30 April 2010 Two United Nations agencies have released a new online guide on where to procure essential medicines formulated for children, a tool which could potentially prevent nine million child deaths from preventable and treatable causes every year.
“Improved availability and access to safe child-specific medicines is still far from reality for many children in poor countries,” said Hans Hogerzeil, Director of Essential Medicines and Pharmaceutical Policies at the UN World Health Organization (WHO).
The “one-of-its-kind publication,” he added, “will be useful for organizations and personnel involved in procurement to identify where medicines may be found and what they cost.”
The edition of Sources and Prices of Selected Medicines for Children, released by WHO and the UN Children’s Fund (UNICEF), will help doctors and organizations obtain some of the 240 essential medicines than can save children’s lives. It also offers details on therapeutic food, and vitamin and mineral supplements, to treat major childhood illnesses and diseases.
“While effective medicines exist to fight disease and treat life-threatening conditions like malnutrition, formulations suitable for children are often difficult to source,” said Francisco Blanco, Chief of Medicines & Nutrition of UNICEF’s Supply Division.
“The data in this edition confirms that much more research and effort needs to be made to make medicines for children more available and accessible for those who need them most.”
When children’s medicines are hard to find, parents and medical professionals sometimes use fractions of adult dosage forms or prepare makeshift prescriptions of medicines by crushing tablets or dissolving portions of capsules in water, the agencies noted in a news release.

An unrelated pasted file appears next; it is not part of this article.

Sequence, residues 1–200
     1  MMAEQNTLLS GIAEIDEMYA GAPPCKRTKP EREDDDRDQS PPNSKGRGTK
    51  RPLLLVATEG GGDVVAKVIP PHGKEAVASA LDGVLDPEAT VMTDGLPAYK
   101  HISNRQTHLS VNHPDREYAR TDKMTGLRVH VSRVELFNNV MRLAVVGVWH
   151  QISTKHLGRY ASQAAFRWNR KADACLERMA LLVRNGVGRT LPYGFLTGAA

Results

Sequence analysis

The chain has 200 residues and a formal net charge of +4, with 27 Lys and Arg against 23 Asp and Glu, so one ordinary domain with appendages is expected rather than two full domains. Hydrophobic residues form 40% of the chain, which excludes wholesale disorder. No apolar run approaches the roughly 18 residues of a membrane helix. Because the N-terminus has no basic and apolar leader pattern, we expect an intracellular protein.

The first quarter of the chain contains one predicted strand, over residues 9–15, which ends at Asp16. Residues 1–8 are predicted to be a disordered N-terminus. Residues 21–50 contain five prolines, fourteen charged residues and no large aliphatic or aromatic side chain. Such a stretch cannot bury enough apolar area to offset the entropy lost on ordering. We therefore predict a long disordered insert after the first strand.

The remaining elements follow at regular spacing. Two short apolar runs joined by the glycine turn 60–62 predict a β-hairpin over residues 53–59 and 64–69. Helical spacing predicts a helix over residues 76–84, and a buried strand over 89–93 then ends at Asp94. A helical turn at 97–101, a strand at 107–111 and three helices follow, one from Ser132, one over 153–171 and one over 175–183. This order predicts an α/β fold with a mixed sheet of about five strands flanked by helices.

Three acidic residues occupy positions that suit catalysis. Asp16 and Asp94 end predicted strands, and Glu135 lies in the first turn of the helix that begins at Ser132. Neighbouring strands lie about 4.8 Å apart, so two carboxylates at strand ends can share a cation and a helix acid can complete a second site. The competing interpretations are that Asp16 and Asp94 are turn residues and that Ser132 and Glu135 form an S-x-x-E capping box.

“This is not always safe or effective as the dose will not be accurate,” they stated, adding that other challenges include the need for more clinical trials and research to be carried out on paediatric medicines.
WHO recommends that wherever possible, medicines for children should be provided as flexible, solid, oral dosage forms that can be administered in a liquid when it is given to the sick child. Liquid formulations are more expensive to purchase compared with dispersible tablets and are also more costly to store, package, and transport safely.
According to the guide, there are several sources for children’s medicines and treatments to address opportunistic infections, palliative care, pain and pneumonia. The availability of paediatric formulations for treatments for malaria, maternal and newborn care, and tuberculosis was fair.
In addition, it notes that the number of sources is limited for the paediatric treatment of diarrhoea and HIV/AIDS, and there is still a serious challenge to obtain child-specific medicines to treat tropical infections endemic in Africa and Asia.
The guide ranks the availability of the identified medicines, and notes that 75 per cent of the formulations included are available for purchase.
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